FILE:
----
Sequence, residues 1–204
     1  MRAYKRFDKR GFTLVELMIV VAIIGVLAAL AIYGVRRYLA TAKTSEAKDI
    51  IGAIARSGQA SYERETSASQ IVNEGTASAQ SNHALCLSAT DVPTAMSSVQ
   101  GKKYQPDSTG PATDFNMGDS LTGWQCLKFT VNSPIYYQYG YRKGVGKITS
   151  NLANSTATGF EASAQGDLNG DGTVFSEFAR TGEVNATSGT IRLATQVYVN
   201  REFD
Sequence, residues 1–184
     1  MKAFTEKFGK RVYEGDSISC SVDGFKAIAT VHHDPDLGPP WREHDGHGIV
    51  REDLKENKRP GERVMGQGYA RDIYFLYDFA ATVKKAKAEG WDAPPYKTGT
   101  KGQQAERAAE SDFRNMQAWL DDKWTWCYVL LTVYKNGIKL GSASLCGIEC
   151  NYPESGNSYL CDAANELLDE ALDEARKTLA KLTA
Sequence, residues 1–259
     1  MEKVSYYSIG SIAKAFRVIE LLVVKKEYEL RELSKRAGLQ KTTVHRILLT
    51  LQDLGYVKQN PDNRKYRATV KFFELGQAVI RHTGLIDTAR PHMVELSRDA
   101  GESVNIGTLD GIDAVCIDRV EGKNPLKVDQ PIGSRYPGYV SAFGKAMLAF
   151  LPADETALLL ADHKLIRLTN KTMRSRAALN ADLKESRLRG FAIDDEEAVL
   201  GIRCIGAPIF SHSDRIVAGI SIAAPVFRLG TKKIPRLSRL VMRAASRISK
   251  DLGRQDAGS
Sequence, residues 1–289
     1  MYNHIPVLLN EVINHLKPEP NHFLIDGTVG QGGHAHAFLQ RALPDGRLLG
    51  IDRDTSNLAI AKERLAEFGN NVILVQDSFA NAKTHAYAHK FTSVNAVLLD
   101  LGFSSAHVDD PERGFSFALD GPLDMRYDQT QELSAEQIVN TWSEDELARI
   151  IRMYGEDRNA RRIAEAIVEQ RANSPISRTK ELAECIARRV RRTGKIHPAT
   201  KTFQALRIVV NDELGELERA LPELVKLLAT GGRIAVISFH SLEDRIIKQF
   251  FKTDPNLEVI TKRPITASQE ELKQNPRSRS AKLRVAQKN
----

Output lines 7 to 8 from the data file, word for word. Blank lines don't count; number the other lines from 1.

Sequence, residues 1–184
     1  MKAFTEKFGK RVYEGDSISC SVDGFKAIAT VHHDPDLGPP WREHDGHGIV